The consumer industry continues to be a hotbed of innovation, with activity driven by health and wellness, convenience, and the growing importance of plant-based/alternative proteins, food safety and transparency, and personalised nutrition. In the last three years alone, there have been over 450,000 patents filed and granted in the consumer industry, according to GlobalData’s report on Innovation in Consumer: Dairy protein modification.
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Leading innovators in dairy protein modification for the consumer industry

However, not all innovations are equal and nor do they follow a constant upward trend. Instead, their evolution takes the form of an S-shaped curve that reflects their typical lifecycle from early emergence to accelerating adoption, before finally stabilising and reaching maturity.

Identifying where a particular innovation is on this journey, especially those that are in the emerging and accelerating stages, is essential for understanding their current level of adoption and the likely future trajectory and impact they will have.

40+ innovations will shape the consumer industry

According to GlobalData’s Technology Foresights, which plots the S-curve for the consumer industry using innovation intensity models built on over 110,000 patents, there are 40+ innovation areas that will shape the future of the industry.

Within the emerging innovation stage, hydrogel dressings, dextrin-based compositions, and safety injection needles are disruptive technologies that are in the early stages of application and should be tracked closely. Wet wipes dispenser, carbon fibre sports equipment, and cigarette rod making device are some of the accelerating innovation areas, where adoption has been steadily increasing. Among maturing innovation areas are portable toothbrush cases and anabolic muscle supplements, which are now well established in the industry.

Innovation S-curve for the consumer industry

Dairy protein modification is a key innovation area in consumer

In order to improve the functional properties of food proteins, various modifications such as foaming, solubility, and emulsifying activity (EA) are required. This helps the food proteins to be effectively used in food systems. Various reactions, such as phosphorylation, acylation, esterification, limited hydrolysis, glycation, and deamidation are used to improve the functional properties of dairy proteins.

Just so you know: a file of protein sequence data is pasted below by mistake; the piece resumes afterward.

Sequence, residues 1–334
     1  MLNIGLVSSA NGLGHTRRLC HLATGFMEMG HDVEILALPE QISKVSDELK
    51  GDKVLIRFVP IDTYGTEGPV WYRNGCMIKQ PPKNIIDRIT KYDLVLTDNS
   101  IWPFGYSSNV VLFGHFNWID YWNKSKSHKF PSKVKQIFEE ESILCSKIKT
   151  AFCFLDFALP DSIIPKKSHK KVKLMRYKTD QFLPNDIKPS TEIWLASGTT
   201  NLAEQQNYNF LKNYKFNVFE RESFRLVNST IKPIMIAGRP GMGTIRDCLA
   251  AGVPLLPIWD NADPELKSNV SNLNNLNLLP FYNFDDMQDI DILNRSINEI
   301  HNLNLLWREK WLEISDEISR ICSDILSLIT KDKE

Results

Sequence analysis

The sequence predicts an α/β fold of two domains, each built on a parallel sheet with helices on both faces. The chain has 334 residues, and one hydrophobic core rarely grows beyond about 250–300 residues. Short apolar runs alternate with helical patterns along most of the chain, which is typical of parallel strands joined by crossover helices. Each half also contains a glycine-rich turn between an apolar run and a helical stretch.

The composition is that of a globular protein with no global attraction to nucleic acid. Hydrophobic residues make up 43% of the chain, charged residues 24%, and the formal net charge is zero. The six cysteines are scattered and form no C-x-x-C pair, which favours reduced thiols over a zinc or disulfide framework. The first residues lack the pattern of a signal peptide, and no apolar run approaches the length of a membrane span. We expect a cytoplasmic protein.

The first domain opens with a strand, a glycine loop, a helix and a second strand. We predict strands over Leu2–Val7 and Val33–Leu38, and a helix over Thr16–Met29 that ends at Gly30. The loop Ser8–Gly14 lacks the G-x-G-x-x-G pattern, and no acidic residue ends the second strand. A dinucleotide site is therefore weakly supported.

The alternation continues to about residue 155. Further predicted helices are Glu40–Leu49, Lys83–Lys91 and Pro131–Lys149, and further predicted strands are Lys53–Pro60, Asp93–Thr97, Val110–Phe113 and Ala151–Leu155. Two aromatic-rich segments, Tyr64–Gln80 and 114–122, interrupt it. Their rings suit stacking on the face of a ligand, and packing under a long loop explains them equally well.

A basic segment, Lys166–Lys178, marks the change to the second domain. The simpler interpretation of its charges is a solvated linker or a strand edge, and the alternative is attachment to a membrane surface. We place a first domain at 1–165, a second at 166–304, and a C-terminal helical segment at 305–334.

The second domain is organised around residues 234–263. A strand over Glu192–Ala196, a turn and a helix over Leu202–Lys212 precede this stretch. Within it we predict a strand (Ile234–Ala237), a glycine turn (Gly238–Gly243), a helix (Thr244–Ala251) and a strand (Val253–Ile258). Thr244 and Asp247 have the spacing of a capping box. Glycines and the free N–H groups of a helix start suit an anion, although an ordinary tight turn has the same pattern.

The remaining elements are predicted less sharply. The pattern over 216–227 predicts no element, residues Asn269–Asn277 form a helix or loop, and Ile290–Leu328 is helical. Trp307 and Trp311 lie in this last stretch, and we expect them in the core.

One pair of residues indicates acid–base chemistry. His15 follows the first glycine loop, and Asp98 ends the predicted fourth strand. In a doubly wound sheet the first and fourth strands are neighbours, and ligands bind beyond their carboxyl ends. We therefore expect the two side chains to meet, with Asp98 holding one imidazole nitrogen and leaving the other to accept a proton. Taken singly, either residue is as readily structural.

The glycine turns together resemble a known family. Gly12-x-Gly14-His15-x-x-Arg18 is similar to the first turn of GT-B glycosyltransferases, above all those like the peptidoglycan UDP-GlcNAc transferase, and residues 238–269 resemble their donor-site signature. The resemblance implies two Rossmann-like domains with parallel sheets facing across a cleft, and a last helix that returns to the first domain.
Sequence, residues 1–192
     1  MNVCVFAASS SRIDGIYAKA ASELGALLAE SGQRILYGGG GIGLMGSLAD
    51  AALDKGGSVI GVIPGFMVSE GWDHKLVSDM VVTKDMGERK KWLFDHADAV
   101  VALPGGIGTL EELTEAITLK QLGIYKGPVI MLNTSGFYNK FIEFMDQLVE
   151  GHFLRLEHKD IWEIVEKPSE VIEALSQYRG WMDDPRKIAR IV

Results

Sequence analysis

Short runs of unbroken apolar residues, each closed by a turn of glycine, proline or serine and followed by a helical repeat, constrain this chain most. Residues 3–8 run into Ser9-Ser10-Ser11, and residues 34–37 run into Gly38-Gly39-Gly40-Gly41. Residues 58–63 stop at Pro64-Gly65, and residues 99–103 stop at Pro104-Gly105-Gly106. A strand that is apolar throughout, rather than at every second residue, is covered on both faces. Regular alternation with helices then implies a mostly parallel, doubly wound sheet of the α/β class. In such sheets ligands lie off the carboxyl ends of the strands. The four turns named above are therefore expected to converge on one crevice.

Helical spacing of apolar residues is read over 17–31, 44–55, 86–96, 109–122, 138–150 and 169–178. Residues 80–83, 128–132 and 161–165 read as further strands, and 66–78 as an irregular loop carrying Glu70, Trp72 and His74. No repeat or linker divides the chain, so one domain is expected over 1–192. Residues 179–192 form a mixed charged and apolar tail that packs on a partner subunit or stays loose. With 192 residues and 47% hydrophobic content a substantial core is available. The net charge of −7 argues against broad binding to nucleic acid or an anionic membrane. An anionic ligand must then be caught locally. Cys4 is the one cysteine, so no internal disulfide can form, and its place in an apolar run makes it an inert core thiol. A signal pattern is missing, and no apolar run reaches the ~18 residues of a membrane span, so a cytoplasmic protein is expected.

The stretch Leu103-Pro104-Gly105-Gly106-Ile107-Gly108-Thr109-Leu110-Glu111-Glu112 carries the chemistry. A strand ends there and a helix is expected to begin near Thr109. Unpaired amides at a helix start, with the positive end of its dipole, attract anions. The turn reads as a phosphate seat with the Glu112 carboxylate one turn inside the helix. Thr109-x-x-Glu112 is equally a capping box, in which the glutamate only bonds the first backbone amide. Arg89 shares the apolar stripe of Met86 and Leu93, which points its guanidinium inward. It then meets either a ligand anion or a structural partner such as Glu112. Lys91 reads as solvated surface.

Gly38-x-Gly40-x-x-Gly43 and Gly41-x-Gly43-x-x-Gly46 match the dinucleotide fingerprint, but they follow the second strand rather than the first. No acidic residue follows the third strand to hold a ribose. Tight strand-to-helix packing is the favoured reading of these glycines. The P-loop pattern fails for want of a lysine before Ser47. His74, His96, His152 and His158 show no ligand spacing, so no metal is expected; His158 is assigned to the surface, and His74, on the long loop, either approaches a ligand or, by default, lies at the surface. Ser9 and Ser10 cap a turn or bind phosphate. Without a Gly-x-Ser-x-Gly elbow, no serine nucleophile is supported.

GlobalData’s analysis also uncovers the companies at the forefront of each innovation area and assesses the potential reach and impact of their patenting activity across different applications and geographies. According to GlobalData, there are 40+ companies, spanning technology vendors, established consumer companies, and up-and-coming start-ups engaged in the development and application of dairy protein modification.

Key players in dairy protein modification – a disruptive innovation in the consumer industry

‘Application diversity’ measures the number of different applications identified for each relevant patent and broadly splits companies into either ‘niche’ or ‘diversified’ innovators.

‘Geographic reach’ refers to the number of different countries each relevant patent is registered in and reflects the breadth of geographic application intended, ranging from ‘global’ to ‘local’.

Nestle is one of the leading patent filers in dairy protein modification. Some other key patent filers in the space are Danone , Megmilk Snow Brand , and Reckitt Benckiser Group .

In terms of application diversity, Valio leads the pack, while Avanidea and Gelatines Weishardt stood in the second and third positions, respectively. By means of geographic reach, Nuritas held the top position, followed by Arla Foods amba and The Kraft Heinz .

Dairy protein modification will potentially gain greater importance and greater market share with more number of manufacturers introducing new products.

To further understand the key themes and technologies disrupting the consumer industry, access GlobalData’s latest thematic research report on Consumer.

A North Canterbury couple has signed up their large dairy herd for hi-tech collars and fence-less farming, writes Tim Cronshaw.

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